I thought Forbes was legit?
What if I told you that my relationships goals include having threesomes on a yacht with Ariana Grande in the Mediterranean? Sounds great, but, also ridiculous, right? Well, the highly respected Forbes magazine once gave Namaste Technologies a price target of $7.00, which I would argue is even more absurd.
Namaste was also pumped with similar gusto in another Forbes piece the week previous.
What’s worse is that it wasn’t some GETRICHNOWWITHWEEDSTOCKS! bullshit, it was none other than business giant, Forbes.
This should act as a reminder to never take price targets seriously – especially ones backed by no analysis beyond what a company says in their MD&A.
A $7.00 price target for Namaste would give the company a $2,150,100,015 market cap, for a company that drop ships vapes from China. The article goes on to predict than Cannmart will standup against Shopify as a retail platform.
“The company is well-positioned in the cannabis-related market in Canada, given its artificial intelligence-driven platforms and supply agreements with LPs in Canada as well as abroad. While the company currently sells only medical cannabis accessories, it expects to launch (subject to receiving a sales-only license) in the near term its medical marketplace, CannMart.com, which will enable it to procure and sell medical cannabis products. ”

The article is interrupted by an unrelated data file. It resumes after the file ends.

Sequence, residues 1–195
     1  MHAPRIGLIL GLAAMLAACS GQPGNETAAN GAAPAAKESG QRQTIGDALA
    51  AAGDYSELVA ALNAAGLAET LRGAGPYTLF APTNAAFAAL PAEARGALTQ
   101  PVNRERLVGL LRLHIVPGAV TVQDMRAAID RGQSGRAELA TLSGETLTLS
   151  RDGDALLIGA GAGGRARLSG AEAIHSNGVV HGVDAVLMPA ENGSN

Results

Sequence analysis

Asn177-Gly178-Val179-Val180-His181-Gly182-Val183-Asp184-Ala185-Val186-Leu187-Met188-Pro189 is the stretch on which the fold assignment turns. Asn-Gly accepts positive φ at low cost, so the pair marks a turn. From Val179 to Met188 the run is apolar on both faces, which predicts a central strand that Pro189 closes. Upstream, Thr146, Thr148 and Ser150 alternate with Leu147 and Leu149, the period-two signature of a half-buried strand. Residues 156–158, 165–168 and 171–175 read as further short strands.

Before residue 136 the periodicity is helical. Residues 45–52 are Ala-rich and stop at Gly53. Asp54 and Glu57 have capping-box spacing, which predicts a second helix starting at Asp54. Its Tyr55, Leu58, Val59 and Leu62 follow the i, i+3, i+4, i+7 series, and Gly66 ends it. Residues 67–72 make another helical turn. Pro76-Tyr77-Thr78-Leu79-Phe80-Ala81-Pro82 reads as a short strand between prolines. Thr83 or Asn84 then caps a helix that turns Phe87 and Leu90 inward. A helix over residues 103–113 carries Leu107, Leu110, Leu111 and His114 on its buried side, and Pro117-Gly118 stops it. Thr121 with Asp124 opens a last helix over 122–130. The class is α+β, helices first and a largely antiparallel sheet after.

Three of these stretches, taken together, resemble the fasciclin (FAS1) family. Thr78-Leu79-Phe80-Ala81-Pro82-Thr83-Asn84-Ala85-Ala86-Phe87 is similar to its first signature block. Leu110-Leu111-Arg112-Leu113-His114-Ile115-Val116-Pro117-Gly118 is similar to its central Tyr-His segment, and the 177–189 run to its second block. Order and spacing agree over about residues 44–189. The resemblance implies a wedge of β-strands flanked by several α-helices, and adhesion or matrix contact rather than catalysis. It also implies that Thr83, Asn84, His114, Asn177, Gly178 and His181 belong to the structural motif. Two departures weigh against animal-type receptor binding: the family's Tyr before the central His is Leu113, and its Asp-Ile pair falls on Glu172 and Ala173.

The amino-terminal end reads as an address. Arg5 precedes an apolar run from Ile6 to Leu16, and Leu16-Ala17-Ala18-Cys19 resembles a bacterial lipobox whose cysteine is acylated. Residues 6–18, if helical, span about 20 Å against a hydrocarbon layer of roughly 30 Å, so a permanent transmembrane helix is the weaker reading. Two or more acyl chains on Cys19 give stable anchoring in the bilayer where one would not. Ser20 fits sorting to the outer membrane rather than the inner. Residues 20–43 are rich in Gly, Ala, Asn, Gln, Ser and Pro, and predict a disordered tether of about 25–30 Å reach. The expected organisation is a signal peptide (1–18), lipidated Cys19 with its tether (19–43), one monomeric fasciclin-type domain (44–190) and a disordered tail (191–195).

But in reality, for an online store with no costly grow facilities their numbers are horrendous.
This is the reality of the situation, Namaste currently sits at $0.40, a jump to $7.00 would be a 1,650% jump. Sick gains.
This is what actually happened:
The reason websites and analysts make price targets is to get traffic. By the sounds of it, the authors of the price target post aren’t idiots. According to their bio:
Led by MIT engineers and Wall Street analysts, Trefis (through its dashboards platform dashboards.trefis.com) helps you understand how a company’s products, that you touch, read, or hear about everyday, impact its stock price.
The moral of the story is to trust yourself when making financial decisions, and don’t buy into the hype.